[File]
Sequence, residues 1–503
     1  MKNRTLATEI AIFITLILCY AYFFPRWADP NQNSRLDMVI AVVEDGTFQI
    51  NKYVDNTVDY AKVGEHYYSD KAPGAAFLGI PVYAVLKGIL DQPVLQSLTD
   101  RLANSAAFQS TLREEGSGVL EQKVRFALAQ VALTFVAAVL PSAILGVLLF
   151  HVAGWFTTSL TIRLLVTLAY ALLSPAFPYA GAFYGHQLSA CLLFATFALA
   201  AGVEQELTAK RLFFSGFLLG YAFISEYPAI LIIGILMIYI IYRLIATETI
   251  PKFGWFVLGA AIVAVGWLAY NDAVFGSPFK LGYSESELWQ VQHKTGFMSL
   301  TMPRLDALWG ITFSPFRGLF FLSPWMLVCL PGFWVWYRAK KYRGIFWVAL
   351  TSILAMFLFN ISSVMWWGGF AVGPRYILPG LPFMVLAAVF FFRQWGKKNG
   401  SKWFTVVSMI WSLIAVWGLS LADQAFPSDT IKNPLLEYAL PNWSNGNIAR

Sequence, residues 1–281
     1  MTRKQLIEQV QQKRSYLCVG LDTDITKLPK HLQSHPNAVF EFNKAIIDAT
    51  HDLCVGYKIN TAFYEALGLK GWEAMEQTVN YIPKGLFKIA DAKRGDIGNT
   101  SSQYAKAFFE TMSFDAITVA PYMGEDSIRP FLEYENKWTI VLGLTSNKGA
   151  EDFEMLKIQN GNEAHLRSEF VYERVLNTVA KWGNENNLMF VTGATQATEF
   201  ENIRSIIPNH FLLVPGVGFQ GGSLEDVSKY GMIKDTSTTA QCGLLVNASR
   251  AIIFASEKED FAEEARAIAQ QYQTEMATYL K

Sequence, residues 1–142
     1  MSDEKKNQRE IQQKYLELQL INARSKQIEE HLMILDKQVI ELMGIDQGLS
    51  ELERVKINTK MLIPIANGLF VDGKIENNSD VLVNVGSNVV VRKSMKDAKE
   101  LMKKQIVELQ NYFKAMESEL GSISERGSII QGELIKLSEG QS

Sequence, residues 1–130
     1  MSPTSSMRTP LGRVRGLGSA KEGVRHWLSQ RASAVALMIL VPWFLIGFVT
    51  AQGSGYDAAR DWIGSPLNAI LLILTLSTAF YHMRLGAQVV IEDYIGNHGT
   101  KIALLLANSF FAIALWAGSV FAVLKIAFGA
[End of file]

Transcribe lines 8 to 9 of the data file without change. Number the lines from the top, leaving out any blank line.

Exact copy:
   301  TMPRLDALWG ITFSPFRGLF FLSPWMLVCL PGFWVWYRAK KYRGIFWVAL
   351  TSILAMFLFN ISSVMWWGGF AVGPRYILPG LPFMVLAAVF FFRQWGKKNG